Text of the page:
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State excuses blind school's failings

Published July 29, 2009 8:19 pm

Education » Parents say the probe incomplete and file an appeal.
This is an archived article that was published on sltrib.com in 2009, and information in the article may be outdated. It is provided only for personal research purposes and may not be reprinted.

Incomplete student evaluations, untrained teachers and poor Braille translations of textbooks and test booklets are among failings cited in a state probe of Utah Schools for the Deaf and Blind.

But these problems don't constitute a violation of state and federal laws guaranteeing visually impaired children a "free, appropriate education," say the report's authors.

The July probe was launched in response to a complaint filed by the National Federation for the Blind, alleging deeply rooted problems at the deaf and blind schools and lax oversight by the Utah State Office of Education.

Though vindicated by some of the findings, the federation is filing an appeal.

Ron Gardner, president of the federation's Utah chapter, wants an independent evaluation and likens the state probe to "people within the state office asking themselves if they've done a good job."

Unlike school districts that have some autonomy, the Utah Schools for the Deaf and Blind (USDB) falls under the state office.

The Ogden-based special education program serves 2,200 students, most of them in neighborhood schools. Through outreach to partnering districts, it supplies Braille textbooks and other instructional aids and guides teachers on student evaluations and education plans.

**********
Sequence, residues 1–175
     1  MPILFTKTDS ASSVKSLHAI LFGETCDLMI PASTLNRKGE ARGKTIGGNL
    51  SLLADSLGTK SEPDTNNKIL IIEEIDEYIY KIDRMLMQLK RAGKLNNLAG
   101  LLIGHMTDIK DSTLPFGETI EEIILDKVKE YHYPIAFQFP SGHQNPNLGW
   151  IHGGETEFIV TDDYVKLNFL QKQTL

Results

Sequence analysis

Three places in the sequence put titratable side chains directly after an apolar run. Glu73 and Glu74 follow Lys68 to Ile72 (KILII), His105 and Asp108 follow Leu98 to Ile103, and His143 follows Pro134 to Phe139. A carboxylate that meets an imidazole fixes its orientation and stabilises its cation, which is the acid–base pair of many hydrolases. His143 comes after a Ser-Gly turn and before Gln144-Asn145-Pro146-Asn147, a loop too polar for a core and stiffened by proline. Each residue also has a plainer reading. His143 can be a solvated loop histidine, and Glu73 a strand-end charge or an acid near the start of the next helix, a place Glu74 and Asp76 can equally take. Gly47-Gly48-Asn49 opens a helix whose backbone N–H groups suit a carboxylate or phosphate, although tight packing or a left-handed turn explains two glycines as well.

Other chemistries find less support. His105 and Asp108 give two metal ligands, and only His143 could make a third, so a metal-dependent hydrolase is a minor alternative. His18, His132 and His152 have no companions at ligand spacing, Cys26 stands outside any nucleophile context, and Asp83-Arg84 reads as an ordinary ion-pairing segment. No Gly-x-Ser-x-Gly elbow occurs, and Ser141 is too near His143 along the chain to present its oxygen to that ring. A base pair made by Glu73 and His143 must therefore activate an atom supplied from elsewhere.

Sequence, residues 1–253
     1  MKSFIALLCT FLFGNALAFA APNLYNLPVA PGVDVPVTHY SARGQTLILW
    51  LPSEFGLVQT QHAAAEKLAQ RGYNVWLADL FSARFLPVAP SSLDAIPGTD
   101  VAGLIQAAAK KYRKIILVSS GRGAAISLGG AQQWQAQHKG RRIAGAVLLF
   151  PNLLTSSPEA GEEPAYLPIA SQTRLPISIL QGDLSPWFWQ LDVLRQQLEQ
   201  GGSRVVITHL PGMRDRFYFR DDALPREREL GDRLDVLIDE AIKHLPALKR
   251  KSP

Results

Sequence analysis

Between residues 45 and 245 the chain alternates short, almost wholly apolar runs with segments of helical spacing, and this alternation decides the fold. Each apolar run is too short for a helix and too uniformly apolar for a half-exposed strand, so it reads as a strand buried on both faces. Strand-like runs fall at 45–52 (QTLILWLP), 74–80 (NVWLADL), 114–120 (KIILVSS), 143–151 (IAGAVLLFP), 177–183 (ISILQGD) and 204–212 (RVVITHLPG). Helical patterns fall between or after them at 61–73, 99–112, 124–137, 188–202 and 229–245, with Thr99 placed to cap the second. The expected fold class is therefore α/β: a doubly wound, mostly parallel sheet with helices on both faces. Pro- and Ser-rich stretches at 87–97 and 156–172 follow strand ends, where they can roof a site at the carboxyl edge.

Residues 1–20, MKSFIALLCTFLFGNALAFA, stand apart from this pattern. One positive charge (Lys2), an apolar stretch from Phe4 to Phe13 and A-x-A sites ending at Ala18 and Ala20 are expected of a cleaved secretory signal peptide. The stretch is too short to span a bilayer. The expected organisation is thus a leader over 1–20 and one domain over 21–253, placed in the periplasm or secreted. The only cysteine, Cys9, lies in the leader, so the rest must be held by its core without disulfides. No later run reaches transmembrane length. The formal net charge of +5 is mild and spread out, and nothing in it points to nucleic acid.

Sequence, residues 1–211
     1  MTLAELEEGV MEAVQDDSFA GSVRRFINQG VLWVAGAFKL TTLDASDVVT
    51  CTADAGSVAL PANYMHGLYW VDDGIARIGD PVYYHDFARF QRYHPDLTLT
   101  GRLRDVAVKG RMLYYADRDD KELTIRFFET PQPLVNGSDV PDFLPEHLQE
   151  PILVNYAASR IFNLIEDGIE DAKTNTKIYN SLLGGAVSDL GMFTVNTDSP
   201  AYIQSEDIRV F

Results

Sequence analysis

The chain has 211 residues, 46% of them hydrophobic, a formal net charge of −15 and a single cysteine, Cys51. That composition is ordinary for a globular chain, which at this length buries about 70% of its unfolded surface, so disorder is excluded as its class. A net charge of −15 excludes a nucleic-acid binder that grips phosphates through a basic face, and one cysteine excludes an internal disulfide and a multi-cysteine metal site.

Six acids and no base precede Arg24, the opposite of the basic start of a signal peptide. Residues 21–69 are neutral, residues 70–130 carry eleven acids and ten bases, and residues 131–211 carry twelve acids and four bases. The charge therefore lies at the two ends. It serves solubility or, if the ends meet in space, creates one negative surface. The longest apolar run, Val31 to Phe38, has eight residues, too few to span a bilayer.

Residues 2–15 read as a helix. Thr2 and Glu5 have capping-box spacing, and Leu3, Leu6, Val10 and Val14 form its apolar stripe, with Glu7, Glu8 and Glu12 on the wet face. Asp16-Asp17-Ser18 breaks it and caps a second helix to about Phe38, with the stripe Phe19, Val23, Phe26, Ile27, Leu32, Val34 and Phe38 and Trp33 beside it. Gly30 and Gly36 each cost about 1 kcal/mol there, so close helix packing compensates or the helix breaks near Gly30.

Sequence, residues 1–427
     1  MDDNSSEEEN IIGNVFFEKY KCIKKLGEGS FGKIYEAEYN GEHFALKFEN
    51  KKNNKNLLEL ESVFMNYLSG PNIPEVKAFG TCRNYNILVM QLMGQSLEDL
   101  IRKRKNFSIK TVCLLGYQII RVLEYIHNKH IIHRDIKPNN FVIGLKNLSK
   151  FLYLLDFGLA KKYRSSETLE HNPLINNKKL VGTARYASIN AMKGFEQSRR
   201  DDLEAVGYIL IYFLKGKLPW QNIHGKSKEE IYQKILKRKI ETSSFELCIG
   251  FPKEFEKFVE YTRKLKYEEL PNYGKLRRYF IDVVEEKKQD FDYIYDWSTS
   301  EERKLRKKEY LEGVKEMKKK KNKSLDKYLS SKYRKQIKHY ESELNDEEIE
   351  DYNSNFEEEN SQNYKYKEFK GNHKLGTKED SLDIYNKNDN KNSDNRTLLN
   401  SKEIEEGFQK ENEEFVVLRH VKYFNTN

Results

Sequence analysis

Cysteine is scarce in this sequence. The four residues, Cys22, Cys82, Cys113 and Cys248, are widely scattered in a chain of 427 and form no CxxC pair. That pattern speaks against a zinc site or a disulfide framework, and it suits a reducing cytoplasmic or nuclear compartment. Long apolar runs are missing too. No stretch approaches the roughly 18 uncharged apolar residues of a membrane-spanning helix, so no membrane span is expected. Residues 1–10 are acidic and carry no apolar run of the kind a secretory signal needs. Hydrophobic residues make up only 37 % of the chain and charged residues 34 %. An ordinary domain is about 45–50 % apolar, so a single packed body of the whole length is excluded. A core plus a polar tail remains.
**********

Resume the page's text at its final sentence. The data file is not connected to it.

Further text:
But no formal agreement exists, leading to educational disparities and confusion about who pays for services and who is responsible for providing them, say parents behind the national federation's complaint.

Parents contend arbitrary "first-come, first-serve" rules dictate when students get Braille books, embossers and electronic note-taking equipment. And there's little quality control to ensure Braille translations are accurate.

Teachers aren't properly trained to evaluate students, say parents. As a result, students with progressive blindness or residual vision are denied early training in Braille -- a "wait to fail" model that hurts kids academically, says Gardner.

USDB public relations officer Kimberley Smale decline to comment, deferring to state officials.

State investigator Lisa Arbogast says she weighed the complaint "carefully and thoroughly."

A review of monitoring visits found USDB out of compliance with federal law 42 times between November 2006 and April 2008. USDB's failure to fix problems prodded the state to withhold funding last year and the year before.

Not all teachers are properly licensed or endorsed, investigators found. There's a problem with incomplete student evaluations, including failure to anticipate training needs in Braille and cane travel.

But Arbogast found no evidence of "systemic" problems with student evaluations. USDB is substantially compliant, she says. "But we did identify a few areas for improvement."

The state is working to remedy admittedly faulty Braille translations of books and testing material and will work with a consultant to train teachers and improve evaluations.

An outside evaluator will handle the federation's appeal.

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